Your body goes through a lot of changes after having a baby, but pungent body odor might not have been one that you expected. If you’ve been worried about your scent, you’re not alone. Although unpleasant, body odor may play an important role in bonding with your baby.
Newborns have limited hearing and eyesight but a great sense of smell. In fact, your baby’s olfactory (smelling) receptors are fully formed by 10 weeks gestation! Babies develop a sense of smell for their mom in the womb from swallowing amniotic fluid, which smells similar to their mother’s breast milk.
Since babies can’t see very well, the mother’s scent—a mix of pheromones, breastmilk, and stinky armpit B.O.—helps the baby recognize its mother’s presence. Babies turn towards the smell, which positions the head towards the breasts for nursing. How cool is that?
But it still doesn’t mean you have to like the way you smell. To understand how to keep the stench under control, let’s first understand what’s to blame.
Why do I stink? (aka "the science of stink")
During pregnancy, your body increases its blood volume by 160% to support the placenta and your baby's circulation—that’s up to 10 lbs of extra fluid! Sweating is one of the main ways your body flushes it all out (along with peeing). In fact, almost one-third of postpartum moms experience hot flashes and night sweats, which typically peak around two weeks postpartum.
Increased sweating may sound like a good reason for increased body odor, but that’s not the whole story. Surprisingly, sweat is odorless.
We have two types of sweat glands in our body: eccrine and apocrine. Eccrine glands are all over our body and produce lightweight sweat. Apocrine glands are concentrated in hairy areas, such as the scalp, armpits, areola, and groin. Instead of opening up to the surface of the skin, apocrine glands empty into the hair follicle. They also produce heavier, fat-laden sweat.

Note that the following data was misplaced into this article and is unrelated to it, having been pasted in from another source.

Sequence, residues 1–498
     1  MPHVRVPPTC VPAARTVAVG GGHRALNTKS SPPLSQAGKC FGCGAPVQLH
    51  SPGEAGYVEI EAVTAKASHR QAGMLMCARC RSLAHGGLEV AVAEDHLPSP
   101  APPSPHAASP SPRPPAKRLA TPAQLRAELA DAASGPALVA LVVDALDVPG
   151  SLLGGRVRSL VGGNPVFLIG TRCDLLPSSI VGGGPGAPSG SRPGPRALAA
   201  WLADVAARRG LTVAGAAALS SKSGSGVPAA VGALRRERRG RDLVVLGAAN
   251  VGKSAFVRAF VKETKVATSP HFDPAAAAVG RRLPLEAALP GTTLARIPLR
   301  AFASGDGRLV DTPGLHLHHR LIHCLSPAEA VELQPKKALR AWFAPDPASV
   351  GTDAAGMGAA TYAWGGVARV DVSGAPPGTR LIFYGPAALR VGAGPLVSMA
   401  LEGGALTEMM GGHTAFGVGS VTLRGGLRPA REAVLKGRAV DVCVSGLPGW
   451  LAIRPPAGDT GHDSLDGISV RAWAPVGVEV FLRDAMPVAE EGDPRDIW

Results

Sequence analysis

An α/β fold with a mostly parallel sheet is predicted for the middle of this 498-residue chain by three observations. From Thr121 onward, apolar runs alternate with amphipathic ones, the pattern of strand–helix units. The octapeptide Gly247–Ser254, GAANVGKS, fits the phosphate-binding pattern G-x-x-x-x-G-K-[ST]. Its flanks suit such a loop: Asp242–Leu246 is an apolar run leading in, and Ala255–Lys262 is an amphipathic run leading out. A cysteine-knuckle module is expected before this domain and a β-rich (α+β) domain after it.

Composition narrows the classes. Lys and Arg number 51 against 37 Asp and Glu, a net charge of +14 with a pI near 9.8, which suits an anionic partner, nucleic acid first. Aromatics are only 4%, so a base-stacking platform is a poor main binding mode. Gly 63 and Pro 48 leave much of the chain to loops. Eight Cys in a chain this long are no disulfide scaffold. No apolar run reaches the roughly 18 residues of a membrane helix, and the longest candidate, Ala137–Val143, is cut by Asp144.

When the sweat reaches the skin, it starts to interact with the skin microbiome: the collective of bacteria, yeast, fungi, and other microorganisms that live on our skin. The bacteria will start to consume (metabolize) the sweat and the bi-product is rather stinky. Armpits maintain a moist and warm environment where bacteria thrive and increased postpartum sweat production facilitates further growth.
If you feel like your living room smells like a high school gym, you can thank a drastic drop in estrogen. Lower estrogen levels result in an altered estrogen/testosterone ratio. Testosterone, which is naturally produced in the ovaries, leads to more bacteria in the sweat which produces a stronger smell. This is also why your body odor is stronger when on your period and during menopause.
Heightened sense of smell
Not only is your body more smelly, but your ability to smell yourself increases. Prolactin, the hormone that stimulates milk production, also creates more brain connections, which heightens your sense of smell. This upgrade starts in pregnancy and reaches its peak postpartum.
What can I do to stink less?
While this seems obvious, finding time to shower can feel totally impossible with a little one. Washing your body with soap and water is the best way to get rid of the bacteria that cause body odor. If you don’t have time for a full rinse using a warm washcloth or body wipes to clean your underarms, chest or groin can be just as helpful.
Water is not only essential for milk production and vaginal lubrication but it also helps to dilute bodily secretions. Dehydration leads to a stronger and more concentrated scent.
Since apocrine glands empty into hair follicles, shaving your armpit hair can help mitigate the odor. This 2015 study showed that removing armpit hair prior to washing was significantly better at eliminating body odor than just washing the pits.
Eat your veggies
The fiber in veggies lowers the risk of constipation. If you can’t regularly empty your bowels, your body will have to excrete the toxins through your skin. This extra bacteria will mix with your sweat and lead to worse B.O. Veggies have also been shown to lead to a more attractive body odor, as found in this strange study where men’s sweaty shirts were sniffed and ranked in order of pleasantness by some very brave women.
It’s recommended that nursing mothers use an all-natural deodorant to decrease the baby’s exposure to harsh chemical and endocrine (hormone) disruptors. Strong fragrances should also be avoided as they may confuse your baby. Some products work by masking the B.O. smell while others target the bacteria itself. Here are some we recommend.